Excel — The essential skills for the regular user

This entry is part 1 of 3 in the series Excel — The Essentials

I am puz­zled by peo­ple who have been star­ing at spread­sheets for years with­out mas­ter­ing Excel. That’s why in a long series of posts I will out­line the essen­tial Excel skills that I con­sid­er users should have. The tech­niques are the bare min­i­mum. You need them for every­day use but they leave plen­ty of room for you to build upon.

What is covered?

Inten­tion­al­ly I will focus on “old-school” approach­es and for­mu­las. This means that I will try to avoid the recent devel­op­ments in Excel that are like­ly to be avail­able in Office 365 only or might have not been rolled out to all users yet. For exam­ple, even though nowa­days I use almost exclu­sive­ly the =XLOOKUP() for­mu­la, I would not list it. Cou­ple of rea­sons why:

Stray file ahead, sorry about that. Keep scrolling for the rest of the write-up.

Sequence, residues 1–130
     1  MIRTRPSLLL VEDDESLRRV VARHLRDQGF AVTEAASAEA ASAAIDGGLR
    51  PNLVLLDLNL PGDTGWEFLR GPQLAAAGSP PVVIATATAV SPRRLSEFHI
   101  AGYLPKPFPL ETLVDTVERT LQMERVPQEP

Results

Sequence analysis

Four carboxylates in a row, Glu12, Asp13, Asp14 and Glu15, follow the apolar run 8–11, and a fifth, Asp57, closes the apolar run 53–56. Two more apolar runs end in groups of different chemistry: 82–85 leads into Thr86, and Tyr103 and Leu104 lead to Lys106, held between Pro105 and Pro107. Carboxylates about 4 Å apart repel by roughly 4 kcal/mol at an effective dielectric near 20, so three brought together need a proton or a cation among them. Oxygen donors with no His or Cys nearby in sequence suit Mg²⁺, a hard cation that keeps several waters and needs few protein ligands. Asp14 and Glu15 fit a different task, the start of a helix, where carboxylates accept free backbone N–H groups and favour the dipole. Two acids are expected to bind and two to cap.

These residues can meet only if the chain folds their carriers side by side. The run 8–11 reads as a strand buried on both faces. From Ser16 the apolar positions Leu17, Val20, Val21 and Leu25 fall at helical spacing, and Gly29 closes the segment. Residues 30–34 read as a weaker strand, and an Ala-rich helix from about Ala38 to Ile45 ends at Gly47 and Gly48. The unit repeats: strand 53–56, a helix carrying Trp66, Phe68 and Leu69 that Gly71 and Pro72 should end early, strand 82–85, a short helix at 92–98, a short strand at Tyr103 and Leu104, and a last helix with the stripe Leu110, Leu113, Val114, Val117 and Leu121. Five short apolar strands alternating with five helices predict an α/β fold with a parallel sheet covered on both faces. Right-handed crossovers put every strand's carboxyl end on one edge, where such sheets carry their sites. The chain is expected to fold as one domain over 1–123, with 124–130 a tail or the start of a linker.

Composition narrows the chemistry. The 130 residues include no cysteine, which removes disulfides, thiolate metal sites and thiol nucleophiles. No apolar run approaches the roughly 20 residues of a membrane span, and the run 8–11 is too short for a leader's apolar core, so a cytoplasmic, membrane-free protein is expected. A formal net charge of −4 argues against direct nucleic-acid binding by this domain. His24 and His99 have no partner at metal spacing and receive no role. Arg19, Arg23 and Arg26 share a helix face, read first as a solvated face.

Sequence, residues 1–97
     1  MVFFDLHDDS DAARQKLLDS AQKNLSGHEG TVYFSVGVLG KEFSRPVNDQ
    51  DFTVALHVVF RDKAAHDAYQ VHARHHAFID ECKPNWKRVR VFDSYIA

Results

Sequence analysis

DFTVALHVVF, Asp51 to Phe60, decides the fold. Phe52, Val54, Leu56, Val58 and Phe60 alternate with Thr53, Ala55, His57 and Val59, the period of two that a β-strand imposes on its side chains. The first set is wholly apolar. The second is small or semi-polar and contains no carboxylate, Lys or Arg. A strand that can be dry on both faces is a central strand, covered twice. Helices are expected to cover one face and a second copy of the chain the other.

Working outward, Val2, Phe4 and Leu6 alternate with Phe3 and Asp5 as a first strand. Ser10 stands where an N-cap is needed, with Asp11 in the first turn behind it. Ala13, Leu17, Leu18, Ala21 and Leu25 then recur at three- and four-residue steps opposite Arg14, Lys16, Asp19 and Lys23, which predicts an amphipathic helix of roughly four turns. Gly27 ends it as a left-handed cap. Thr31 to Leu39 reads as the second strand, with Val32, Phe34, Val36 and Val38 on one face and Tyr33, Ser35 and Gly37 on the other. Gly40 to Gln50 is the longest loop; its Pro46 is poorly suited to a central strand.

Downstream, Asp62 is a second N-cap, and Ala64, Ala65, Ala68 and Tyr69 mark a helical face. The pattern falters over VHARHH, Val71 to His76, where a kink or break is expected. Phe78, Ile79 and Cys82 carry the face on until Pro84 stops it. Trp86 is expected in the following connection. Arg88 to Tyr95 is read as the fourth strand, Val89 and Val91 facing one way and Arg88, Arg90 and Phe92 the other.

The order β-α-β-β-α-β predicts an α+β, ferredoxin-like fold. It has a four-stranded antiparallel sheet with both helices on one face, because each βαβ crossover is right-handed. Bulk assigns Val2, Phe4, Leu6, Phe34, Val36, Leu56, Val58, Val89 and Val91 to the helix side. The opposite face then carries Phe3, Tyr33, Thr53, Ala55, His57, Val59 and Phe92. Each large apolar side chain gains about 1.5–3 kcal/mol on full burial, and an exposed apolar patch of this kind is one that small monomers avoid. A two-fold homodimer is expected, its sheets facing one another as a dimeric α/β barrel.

• Under­stand­ing the “old” for­mu­las like =VLOOKUP() and =HLOOKUP() is a good foun­da­tion and will make tran­si­tion­ing to any­thing more sophis­ti­cat­ed less challenging;
  • It is much more like­ly for you to encounter a long-stand­ing for­mu­la. Giv­en the rate at which peo­ple (do not) acquire new Excel skills, I bet this will be the case for years to come.

Fur­ther, I will not cov­er tech­niques that have exist­ed for some time but have not gained wide pop­u­lar­i­ty (eg. VBA & Pow­er Query). This does­n’t mean I don’t con­sid­er them valu­able — they have many users that put them to good use. How­ev­er, I don’t con­sid­er such approach­es part of the Excel essentials.

Posts (in order of appearance)

The Inter­face And Its Customization

Series Nav­i­ga­tionExcel essen­tials — The Inter­face And Its Customization »